This application outlines Seattle Biomedical Research Institute's (SBRI) investigation of the impact of an innovative science immersion program called the BioQuest Academy (BQA). The investigation builds upon a 2-year pilot program and its documented results. SBRI seeks Phase I and Phase II funding support from the National Center for Research Resources (NCRR) to amplify prior success with 58 participating 11th grade high school students from socio-economically and ethnically varied Washington state communities. The proposed 5-year research project will strategically expand the proven pilot BQA-resulting in greater understanding of the best practices for a science immersion program with a biomedical focus;delivering new print and online resources for a local and national audience;and providing direct benefits for the 180 participating teens from a spectrum of communities. Designed with a goal to provide young adults who demonstrate science predilection with access to authentic biomedical research, thereby promoting confidence and skills early in their scientific career pathways, the pilot BQA responds to the published concerns regarding national trends in science;and the mounting anxiety regarding the lack of real world, career-preparative experiences for youth. The proposed 5-year investigation responds to published recommendations for after-school programs, the desires most frequently expressed by pilot BQA graduates for longer sessions and enduring contact with SBRI: Foremost BQA will foster science career interest. SBRI is poised to take a significant role in increasing public understanding of how the life sciences can have a direct, positive impact on lives around the world, while illuminating the science that underlies SBRI's mission to eliminate the world's most devastating infectious diseases through leadership in scientific discovery. With National Center for Research Resource's investment in a strategically expanded BQA, SBRI can demonstrate to tomorrow's leaders, firsthand, how they personally can change the world for the better through scientific research.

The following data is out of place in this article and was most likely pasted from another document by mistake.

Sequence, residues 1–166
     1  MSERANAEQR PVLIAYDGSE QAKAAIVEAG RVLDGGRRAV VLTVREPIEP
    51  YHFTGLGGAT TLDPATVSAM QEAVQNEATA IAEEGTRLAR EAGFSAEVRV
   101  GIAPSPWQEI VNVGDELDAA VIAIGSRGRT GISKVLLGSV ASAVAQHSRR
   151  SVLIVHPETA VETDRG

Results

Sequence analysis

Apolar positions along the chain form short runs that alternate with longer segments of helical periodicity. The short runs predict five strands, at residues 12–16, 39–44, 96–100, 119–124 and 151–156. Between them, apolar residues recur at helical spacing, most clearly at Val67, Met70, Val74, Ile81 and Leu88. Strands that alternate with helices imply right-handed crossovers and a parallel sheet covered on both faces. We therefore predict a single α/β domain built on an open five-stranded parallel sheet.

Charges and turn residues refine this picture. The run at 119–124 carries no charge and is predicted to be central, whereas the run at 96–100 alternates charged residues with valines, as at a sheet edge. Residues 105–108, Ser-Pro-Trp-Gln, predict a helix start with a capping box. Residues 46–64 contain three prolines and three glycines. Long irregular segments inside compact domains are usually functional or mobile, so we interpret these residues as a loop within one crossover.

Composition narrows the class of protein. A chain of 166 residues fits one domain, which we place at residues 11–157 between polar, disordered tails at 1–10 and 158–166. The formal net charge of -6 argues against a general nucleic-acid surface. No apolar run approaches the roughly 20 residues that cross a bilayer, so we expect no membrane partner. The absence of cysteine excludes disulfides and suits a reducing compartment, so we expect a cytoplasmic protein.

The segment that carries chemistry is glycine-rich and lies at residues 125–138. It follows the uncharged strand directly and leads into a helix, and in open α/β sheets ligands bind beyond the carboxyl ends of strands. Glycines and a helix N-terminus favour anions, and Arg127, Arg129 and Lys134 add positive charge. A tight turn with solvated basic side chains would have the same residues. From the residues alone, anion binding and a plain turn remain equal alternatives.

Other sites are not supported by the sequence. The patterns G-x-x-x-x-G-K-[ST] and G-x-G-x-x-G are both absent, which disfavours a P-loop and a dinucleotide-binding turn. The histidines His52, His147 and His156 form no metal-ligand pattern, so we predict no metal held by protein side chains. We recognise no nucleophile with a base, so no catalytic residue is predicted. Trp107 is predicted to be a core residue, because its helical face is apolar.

|Gervassi, Ana L; Collins, Laura J; Britschgi, Theresa B (2010) Global health: a successful context for precollege training and advocacy. PLoS One 5:e13814|